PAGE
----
With my Cub Scout Den at resident camp, we lost campsite inspection points for not having a “Unit Fireguard Chart.” Of course, this is supposed to be supplied by the camp itself, and, by my research, this is done throughout most BSA camps. For us, as it turned out, the camp administrators had no copies of this chart at the time my Den and I checked in, but, later in the week, the “inspector” didn’t want to hear about this, and so the Den lost a few points. But, the real point is, where can this chart (#33691A) be obtained? I’ve checked everywhere and although there are a lot of references to it, no one seems to have a copy of it—not even at the national BSA website. The only place that seems to have it is Scoutstuff.org. (Jeffrey Slater)
Yup, the only place I’ve ever found that has these charts is SCOUTSTUFF. Order just one, and make copies—they’re pretty simple. And, by the way, I admire your reluctance to make a federal case out of this at camp, even though it sure was the camp that messed up.
I’m a parent of a Cub Scout and a leader in our Wolf Den. I have some questions and concerns about our Pack’s policy about Den meetings, Pack leadership, and selecting Scout leaders…
First, how often should a den meet? As stated in the book, active Dens should meet weekly—this will keep the Scouts involved in the program and also helps to build a regular routine. I agree! Although this is the ideal situation, it’s not always feasible because of changing lifestyles in this 21st Century. It doesn’t mean we alter the essence of the program; we just try to accommodate some activities like school homework, sports involvement, the increasing of working mothers and the increase of one-parent families, yet at the same time make sure that every Scout benefits from the best possible Scouting program. In our Pack, the Pack meets once a month (1.5 hours), for “Scout Sunday” once a month (1 hour), a Pack outing following the Sunday service once a month (2-3 hours), and weekly Den meetings. Do you think this is to much for Cub Scouts and their families?
Last year, my son’s Den met twice a week, for 1-1/2 to 2 hours per meeting.
I make sure each meeting is outlined according to the monthly theme, and we complete all the achievements required, and the electives, and the parents in my Den were so involved by taking time and work with the Scout out of his book to make sure that each individual Cub receives recognition.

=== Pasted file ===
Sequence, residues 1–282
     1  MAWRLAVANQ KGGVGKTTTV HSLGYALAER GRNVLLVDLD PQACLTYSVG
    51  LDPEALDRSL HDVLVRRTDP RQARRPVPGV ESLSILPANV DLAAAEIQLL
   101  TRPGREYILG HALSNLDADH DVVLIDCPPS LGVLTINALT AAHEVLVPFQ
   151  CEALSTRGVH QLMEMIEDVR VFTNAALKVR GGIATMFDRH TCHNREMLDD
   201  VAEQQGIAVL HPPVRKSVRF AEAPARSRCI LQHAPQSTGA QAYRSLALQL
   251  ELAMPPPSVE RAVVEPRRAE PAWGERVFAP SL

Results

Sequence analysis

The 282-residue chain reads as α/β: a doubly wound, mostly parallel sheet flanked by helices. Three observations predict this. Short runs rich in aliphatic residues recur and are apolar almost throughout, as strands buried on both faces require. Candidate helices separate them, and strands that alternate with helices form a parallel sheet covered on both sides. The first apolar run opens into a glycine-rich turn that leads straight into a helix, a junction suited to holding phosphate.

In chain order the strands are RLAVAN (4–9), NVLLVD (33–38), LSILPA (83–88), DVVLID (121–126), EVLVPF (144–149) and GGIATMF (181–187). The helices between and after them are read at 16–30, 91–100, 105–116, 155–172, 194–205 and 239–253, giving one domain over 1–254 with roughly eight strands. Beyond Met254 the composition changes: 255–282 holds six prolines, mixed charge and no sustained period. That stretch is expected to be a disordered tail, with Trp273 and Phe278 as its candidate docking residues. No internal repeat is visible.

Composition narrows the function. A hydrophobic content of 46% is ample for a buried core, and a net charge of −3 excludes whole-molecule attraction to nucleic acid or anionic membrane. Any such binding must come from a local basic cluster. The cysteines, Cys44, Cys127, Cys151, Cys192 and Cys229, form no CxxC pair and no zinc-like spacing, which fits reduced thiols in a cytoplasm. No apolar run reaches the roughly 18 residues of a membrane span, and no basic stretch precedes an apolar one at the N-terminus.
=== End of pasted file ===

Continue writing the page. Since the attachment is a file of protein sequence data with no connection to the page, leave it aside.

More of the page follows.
Is Pack leadership a committee decision? In our Pack, the Cubmaster, ACM, and all Den leaders are voting members of the Pack committee. I thought the committee consists of a minimum of three members who aren’t the CM, Assistant, or DLs. I thought we direct leaders are supposed to have our own monthly planning. Are we missing something?
Is the head of the chartered organization the chair of the selection leader team? If not, is it the Cubmaster? I’m confused. Who’s supposed to select qualified adult leaders? (Confused Cub Scout Leader)
Any of you folks ever heard of New Leader Essentials training and Cub Scout Leader training? You and your other Pack volunteers need to consider going – right away! Most of your questions will get answered there, and you’ll all get the same message at the same time! But, if you’ve all been through training for your positions already, then I’m wondering what you heard…and what you either didn’t hear or are forgetting you heard! So, here are some basics for you all…
Dens should meet once a week, to maintain momentum. Less than that and things stall or meetings get too long (maximum 60 minutes—timed!); more than that and it’s unnecessary overkill—you’ll burn out the parents as well as the boys!
Scouts have ALWAYS had homework. Dual-income households where both parents work have been around for decades. Single-parent households are nothing new. Sports and other after-school activities have been around forever. So, I simply don’t buy the baloney that we have to “accommodate” this stuff, when nothing’s new! (When I was a Cub Scout, more than 50 years ago, two of the six Scouts in my Den had after-school jobs, and they still showed up for Den meetings—and our Den Mother was a single-parent, to boot!)
Family involvement in a Cub Scout’s advancement takes place in the boy’s HOME—not at Den meetings. The parent is “Akela.” Simple as that.
Car-pooling for latchkey Scouts makes sense.
If you were meeting twice a week for up to two hours each time, you were WAY beyond where you should have been! Cut it out!
Parents do NOT attend Den meetings, except for one, to provide “two-deep leadership”—a requirement of Youth Protection.